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The dark side of DNA Add to ...

And in England, bartender Peter Hamkin, 23, spent 20 days fearing deportation to face murder charges in Italy in 2002 before Interpol discovered that it had blundered in matching his DNA profile to that of a wanted killer in Tuscany. "I was a prisoner in my own home, constantly on the edge thinking the Italian police were going to arrive to take me away," he said afterward.

Faked results

In a recent publication of the National Association of Criminal Defence Lawyers, lawyer William Thompson deplored the rash of faked and mistaken DNA results.

"Police and prosecutors have demanded DNA tests in an ever-expanding number of cases, putting pressure on labs to keep pace," he said.

In Canada, the RCMP, Ontario's Centre of Forensic Sciences and a handful of private labs analyze crime-scene DNA.

While CFS has raised its standards since 1995, when an inquiry into the wrongful murder conviction of Guy Paul Morin heard that clothing fibres used to convict him had actually been shed by a lab technician's sweater, an incident last summer was a sobering reminder.

With his first-degree murder trial just two weeks away, Michael Smith of St. Thomas, Ont., learned from the Centre of Forensic Sciences that a defective lot of semen-testing kits several months earlier had yielded a false positive result in his case. "I was shocked that it was a mistake, but also that it had taken so long for them to tell us," said Mr. Smith's lawyer, Robert Upsdell.

Mr. Upsdell asked a top Canadian DNA analyst, John Waye - head of the Molecular Diagnostic Genetics Service of the Hamilton Regional Laboratory Medicine Program - to look into the problem. Dr. Waye recalled that "many, many cases" were affected by the faulty testing kits, including some that had already gone to trial.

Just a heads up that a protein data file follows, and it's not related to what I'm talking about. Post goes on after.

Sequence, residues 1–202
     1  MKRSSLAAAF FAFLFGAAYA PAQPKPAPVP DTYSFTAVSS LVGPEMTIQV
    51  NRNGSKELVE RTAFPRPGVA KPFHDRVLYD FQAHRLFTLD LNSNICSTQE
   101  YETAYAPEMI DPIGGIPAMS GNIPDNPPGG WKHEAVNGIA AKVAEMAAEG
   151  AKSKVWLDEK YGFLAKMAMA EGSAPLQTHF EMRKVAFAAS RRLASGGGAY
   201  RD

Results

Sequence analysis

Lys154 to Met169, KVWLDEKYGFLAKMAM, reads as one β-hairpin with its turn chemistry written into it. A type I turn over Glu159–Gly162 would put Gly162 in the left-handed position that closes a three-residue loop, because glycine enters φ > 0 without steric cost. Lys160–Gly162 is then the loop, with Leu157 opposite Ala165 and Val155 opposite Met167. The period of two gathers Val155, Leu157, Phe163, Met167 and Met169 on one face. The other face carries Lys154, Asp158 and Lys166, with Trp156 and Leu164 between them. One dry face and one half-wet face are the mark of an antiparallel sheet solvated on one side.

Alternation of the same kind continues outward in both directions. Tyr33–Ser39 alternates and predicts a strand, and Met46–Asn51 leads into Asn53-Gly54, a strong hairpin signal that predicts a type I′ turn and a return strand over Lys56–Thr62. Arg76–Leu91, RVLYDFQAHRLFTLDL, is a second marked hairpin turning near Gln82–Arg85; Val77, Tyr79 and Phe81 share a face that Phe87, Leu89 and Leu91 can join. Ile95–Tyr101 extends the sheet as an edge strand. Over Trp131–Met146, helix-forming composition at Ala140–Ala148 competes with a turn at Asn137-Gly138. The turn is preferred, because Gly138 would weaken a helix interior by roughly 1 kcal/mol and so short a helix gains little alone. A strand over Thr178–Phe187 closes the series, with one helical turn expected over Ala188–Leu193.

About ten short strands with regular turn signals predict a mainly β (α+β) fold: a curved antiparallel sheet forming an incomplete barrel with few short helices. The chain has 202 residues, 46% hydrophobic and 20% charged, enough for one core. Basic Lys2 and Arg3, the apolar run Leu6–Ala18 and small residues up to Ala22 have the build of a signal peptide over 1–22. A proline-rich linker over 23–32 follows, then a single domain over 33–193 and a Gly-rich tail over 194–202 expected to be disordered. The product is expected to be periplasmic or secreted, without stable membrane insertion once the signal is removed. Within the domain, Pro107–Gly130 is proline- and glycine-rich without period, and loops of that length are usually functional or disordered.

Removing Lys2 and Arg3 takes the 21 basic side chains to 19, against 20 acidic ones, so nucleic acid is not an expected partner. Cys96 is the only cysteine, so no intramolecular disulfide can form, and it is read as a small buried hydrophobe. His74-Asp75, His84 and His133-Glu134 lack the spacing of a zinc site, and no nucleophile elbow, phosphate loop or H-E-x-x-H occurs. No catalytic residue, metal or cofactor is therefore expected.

While CFS was retesting samples in the Smith case, it discovered that the locations on the victim's body where swabs were obtained had been mislabeled when CFS received them in 2007. "Had the retesting not been required, this mistake would never have been discovered," Mr. Upsdell said.

Dr. Waye said Canadian labs are inspected annually by independent auditors and have improved quality control and tracking of sample. Still, tens of thousands of samples flow in and out every year.

"They do a mind-boggling amount of work, and it is really done as an assembly line. You can do your own job absolutely perfectly, but if somebody messes something up before it gets to you, everything you do is messed up, too."

Leo Adler, a Toronto lawyer who specializes in DNA cases, said most lawyers simply don't believe they can beat a DNA case and seek a plea bargain. "I would say that 99 times out of a hundred, nobody is fighting it any more," he said. "I suspect that there are lawyers whose clients say: 'Hey, it wasn't me,' and the lawyer says: 'You're going to go down, so let's work something out.' "

Mr. Adler said the problem with capitulation is that many cases involve experts making subjective conclusions about DNA sources that were mixed together and in different locations at a crime scene. Technicians can be tempted to stretch their conclusions in the belief that they are helping to convict a dangerous criminal, he added: "When a submission goes in to CFS, it goes along with a police theory."

Ricardo Federico, a Toronto lawyer who issues a monthly DNA newsletter, said he was jolted last summer when an Israeli company, Nucleix Ltd., announced it could synthesize DNA. The news raised the spectre of criminals framing innocent people starting with a couple of microscopic cells.

"Sharp, brilliant minds are not always on the side of law and order," Mr. Adler said, citing a Saskatchewan man who surgically planted a vial of somebody else's blood in his forearm in an attempt to foil a blood test several years ago "People are always trying to stay one step ahead."

Another scientific development that has caused concern is the discovery of individuals who have two distinct DNA strands in their bodies. Known as chimeras, they have unusual DNA profiles that can come about either because of a blood transfusion or because two embryos merged in their mother's uterus. Estimates of the number of chimeras range from a tiny proportion of the population up to 10 per cent.

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